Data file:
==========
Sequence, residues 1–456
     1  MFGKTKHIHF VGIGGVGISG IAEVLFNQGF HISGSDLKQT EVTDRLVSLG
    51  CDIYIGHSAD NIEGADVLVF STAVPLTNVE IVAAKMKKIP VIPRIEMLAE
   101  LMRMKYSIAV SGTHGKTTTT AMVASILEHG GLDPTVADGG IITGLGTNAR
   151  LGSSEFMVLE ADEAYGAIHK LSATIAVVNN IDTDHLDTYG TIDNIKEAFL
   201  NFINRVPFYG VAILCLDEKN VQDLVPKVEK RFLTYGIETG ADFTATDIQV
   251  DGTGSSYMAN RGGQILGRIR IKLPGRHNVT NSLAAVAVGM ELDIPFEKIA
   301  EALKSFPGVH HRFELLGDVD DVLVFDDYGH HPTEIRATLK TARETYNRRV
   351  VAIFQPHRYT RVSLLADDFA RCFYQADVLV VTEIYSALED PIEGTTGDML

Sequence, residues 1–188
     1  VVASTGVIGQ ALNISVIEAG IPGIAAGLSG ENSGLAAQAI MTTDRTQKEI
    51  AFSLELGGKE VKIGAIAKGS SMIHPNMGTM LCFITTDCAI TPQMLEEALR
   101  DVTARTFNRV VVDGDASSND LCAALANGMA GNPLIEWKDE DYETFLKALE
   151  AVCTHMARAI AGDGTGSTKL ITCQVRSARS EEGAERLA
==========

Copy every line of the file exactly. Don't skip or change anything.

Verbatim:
Sequence, residues 1–456
     1  MFGKTKHIHF VGIGGVGISG IAEVLFNQGF HISGSDLKQT EVTDRLVSLG
    51  CDIYIGHSAD NIEGADVLVF STAVPLTNVE IVAAKMKKIP VIPRIEMLAE
   101  LMRMKYSIAV SGTHGKTTTT AMVASILEHG GLDPTVADGG IITGLGTNAR
   151  LGSSEFMVLE ADEAYGAIHK LSATIAVVNN IDTDHLDTYG TIDNIKEAFL
   201  NFINRVPFYG VAILCLDEKN VQDLVPKVEK RFLTYGIETG ADFTATDIQV
   251  DGTGSSYMAN RGGQILGRIR IKLPGRHNVT NSLAAVAVGM ELDIPFEKIA
   301  EALKSFPGVH HRFELLGDVD DVLVFDDYGH HPTEIRATLK TARETYNRRV
   351  VAIFQPHRYT RVSLLADDFA RCFYQADVLV VTEIYSALED PIEGTTGDML

Sequence, residues 1–188
     1  VVASTGVIGQ ALNISVIEAG IPGIAAGLSG ENSGLAAQAI MTTDRTQKEI
    51  AFSLELGGKE VKIGAIAKGS SMIHPNMGTM LCFITTDCAI TPQMLEEALR
   101  DVTARTFNRV VVDGDASSND LCAALANGMA GNPLIEWKDE DYETFLKALE
   151  AVCTHMARAI AGDGTGSTKL ITCQVRSARS EEGAERLA